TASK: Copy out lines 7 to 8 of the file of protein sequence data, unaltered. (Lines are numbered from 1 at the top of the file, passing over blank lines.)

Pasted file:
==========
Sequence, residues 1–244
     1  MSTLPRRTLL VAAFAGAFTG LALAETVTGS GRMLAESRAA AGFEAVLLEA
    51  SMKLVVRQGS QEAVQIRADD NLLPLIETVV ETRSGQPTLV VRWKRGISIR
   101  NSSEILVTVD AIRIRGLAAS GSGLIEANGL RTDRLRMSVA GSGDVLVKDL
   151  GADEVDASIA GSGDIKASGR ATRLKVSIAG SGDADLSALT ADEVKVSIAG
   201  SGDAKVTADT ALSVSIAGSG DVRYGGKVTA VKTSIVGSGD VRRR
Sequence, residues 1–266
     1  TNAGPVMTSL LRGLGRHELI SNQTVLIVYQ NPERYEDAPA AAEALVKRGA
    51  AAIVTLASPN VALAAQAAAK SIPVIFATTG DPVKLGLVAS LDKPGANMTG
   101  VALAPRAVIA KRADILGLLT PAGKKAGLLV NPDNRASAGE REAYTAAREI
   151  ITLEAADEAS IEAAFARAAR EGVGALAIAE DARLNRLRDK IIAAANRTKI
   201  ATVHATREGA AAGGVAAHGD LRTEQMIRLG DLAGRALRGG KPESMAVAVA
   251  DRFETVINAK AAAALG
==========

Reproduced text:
Sequence, residues 1–266
     1  TNAGPVMTSL LRGLGRHELI SNQTVLIVYQ NPERYEDAPA AAEALVKRGA